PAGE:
Umbria's Sagrantino Wines
Prepare for Cool Nights And Hot Days
By: Philip S.Kampe - May 04, 2018
Umbria is the only landlocked province in Italy. The other 19 provinces all touch water. Tuscany is to the northwest. Le Marche is east and Lazio, where Rome is located is southwest.
Wines from Tuscany and the Sangiovese grape dominate conversation. The wines of Umbria rarely surface in consumer conversation, but, those on the trade side worship the wines from Umbria, specifically Sagrantiono, from the area in and adjoining Montefalco.
Sagrantino is an indigenous grape that only grows in the hilltop areas around Montefalco.
According to recent scholarly research, the first mention of the cultivation of the Sagrantino varietal in Montefalco dates back to 1549. The name, Sagrantino, can be traced back to the ‘Sagrament’ because the varietal was cultivated by monks to produce a raisin wine used for religious rites.
There are many theories regarding the origin of the grape.
Some say Saint Frances of Assisi brought the grape, which was used in sacramental wine. Others contend that the grape was brought to Umbria by Greeks. Scolars have traced the grape to Franciscan (French) Friars.
It's still a debate today.
Montefalco lies in a valley surrounded by the Apennine mountains. I have been there many times when temperatures reach 95F (35C). Summers are often very warm. Sand and limestone keep the roots of the vines cool during the warm days. Fortunately, mountain breezes cool Montefalco by night. The breeze is known to locals, according to Umbrian wine expert, Fausto Proietti, as the Tramontano. The drying breeze comes from the north, effectively helping to limit rot.
In the evening, while staying in the medieval guest house, Tetti de Trevi, owned and managed by Fausto Proietti and his wife, Patrizia, you can hear the winds howl through the vineyard. That moment was an opportune time to savor a glass of Sagrantino, while starring at the stars and Montefalco valley from one of the many balconies that overlook the countryside.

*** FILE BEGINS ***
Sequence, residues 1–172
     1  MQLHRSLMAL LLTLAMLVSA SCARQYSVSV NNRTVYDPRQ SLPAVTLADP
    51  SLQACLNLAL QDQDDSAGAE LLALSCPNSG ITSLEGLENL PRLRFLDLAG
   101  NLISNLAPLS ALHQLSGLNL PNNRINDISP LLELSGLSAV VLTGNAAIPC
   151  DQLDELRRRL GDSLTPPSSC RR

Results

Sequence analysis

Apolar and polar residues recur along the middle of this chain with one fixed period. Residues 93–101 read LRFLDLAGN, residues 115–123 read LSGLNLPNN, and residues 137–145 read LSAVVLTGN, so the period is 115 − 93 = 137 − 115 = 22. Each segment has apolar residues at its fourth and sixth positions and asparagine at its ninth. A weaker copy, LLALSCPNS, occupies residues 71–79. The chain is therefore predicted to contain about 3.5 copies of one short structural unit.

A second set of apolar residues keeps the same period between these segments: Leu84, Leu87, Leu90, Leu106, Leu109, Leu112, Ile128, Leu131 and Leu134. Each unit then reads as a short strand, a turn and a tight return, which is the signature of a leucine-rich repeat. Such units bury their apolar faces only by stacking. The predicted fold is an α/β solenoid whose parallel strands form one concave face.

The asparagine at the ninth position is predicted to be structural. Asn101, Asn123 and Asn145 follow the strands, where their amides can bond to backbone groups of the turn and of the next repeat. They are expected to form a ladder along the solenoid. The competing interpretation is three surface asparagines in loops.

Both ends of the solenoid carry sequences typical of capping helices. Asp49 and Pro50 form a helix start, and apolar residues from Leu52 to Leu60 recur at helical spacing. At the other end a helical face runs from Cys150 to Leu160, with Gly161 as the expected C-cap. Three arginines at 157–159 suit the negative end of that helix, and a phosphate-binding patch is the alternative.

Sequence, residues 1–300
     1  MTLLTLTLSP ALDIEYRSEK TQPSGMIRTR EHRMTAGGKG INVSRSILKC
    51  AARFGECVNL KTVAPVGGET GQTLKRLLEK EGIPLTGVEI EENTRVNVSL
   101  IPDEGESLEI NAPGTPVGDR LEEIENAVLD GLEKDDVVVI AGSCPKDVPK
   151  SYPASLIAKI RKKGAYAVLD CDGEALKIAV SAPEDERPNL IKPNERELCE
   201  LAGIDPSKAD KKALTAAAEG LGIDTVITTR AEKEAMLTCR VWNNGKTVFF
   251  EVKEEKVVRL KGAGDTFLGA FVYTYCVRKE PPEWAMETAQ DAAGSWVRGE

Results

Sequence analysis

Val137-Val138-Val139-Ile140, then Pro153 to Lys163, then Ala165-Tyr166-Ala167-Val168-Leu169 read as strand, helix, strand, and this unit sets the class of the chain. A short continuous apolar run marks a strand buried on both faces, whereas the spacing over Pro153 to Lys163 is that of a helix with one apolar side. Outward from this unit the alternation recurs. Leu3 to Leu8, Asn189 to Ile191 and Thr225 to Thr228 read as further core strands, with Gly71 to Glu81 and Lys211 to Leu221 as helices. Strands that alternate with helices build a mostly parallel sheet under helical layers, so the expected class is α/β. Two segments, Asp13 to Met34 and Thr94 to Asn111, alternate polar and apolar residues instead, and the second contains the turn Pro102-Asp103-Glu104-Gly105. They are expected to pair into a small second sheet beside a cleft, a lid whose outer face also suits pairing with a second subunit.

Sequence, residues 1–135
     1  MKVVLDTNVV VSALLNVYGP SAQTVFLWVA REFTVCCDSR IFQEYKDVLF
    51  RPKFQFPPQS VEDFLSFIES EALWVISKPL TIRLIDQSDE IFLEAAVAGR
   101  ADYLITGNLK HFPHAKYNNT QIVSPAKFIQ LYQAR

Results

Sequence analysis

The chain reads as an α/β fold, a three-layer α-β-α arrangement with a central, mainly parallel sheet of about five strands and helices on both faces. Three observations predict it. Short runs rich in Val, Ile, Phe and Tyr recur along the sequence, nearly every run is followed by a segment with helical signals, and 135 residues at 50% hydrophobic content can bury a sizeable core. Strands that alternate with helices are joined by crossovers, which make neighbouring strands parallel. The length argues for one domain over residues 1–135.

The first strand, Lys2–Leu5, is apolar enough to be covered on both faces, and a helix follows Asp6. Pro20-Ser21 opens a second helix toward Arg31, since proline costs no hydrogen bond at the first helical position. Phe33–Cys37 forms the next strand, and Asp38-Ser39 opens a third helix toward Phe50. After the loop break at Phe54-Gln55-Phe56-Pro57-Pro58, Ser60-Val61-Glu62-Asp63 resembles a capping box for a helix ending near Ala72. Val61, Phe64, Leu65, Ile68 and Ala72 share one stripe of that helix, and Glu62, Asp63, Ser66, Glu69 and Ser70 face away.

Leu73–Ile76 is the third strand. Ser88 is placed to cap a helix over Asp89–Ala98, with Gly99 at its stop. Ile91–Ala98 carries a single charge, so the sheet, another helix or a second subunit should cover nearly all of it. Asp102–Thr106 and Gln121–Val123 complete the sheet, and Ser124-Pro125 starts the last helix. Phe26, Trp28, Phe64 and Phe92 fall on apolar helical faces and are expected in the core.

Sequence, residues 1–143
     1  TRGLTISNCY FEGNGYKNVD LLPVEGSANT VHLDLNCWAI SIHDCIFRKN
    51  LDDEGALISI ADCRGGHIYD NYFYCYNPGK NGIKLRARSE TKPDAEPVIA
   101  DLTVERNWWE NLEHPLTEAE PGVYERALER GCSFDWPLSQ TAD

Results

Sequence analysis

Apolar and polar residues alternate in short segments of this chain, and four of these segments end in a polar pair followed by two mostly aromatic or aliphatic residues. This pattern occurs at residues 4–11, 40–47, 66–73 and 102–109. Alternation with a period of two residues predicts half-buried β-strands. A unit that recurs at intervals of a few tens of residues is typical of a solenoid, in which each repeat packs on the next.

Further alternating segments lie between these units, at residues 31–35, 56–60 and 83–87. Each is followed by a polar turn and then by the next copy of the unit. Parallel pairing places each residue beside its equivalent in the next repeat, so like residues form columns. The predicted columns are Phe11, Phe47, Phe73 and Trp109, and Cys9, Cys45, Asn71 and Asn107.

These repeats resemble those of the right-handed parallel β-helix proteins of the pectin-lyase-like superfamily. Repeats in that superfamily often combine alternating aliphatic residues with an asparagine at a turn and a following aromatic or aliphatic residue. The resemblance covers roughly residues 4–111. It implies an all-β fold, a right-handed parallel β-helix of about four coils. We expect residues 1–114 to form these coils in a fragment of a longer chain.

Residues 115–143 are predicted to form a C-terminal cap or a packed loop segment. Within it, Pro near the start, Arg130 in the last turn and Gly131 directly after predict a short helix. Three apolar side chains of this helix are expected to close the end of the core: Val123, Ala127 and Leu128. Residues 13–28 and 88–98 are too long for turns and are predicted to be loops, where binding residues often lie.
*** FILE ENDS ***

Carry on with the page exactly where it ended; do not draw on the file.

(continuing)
The varied climate, from extremely hot to cool, and sometimes cold, result in grapes that have concentrated fruit that explodes, with the tannins on your palate.
Up until the '60s , the Sagrantino varietal nearly disappeared from Umbria. It was revived, thanks to the pioneering wine producer, Fratelli Adanti.
Today, Sagrantino has surfaced as one of the worlds most interesting and revered varietals. At a recent comparative tasting two vintages were spotlighted, the 2012 and 2008. The sampling included six wines and both vintages for each wine. It was obvious that Sagrantino has a long aging ability, as both wines were still babies. As the wines age, the tannins begin to disappear and a new wine-often velvety, appeares.
The wines that were poured were from these vineyards.
Tenuta Alzatura Uno di Undici DOCG
Briziarelli Vitruvio DOCG
Arnaldo Caprai 25 Anni DOCG
If the wines from Montefalco are new to you, they are worth purchasing. Start with a Rosso di Montefalco ($20 range), then move forward to the Sagrantino di Montefalco ($35-95).
The older the vintage, normally, but, not always, less tannins.
These wines are truly food wines. Hard cheeses, steaks and dark meat poultry balance the tannins in your palate.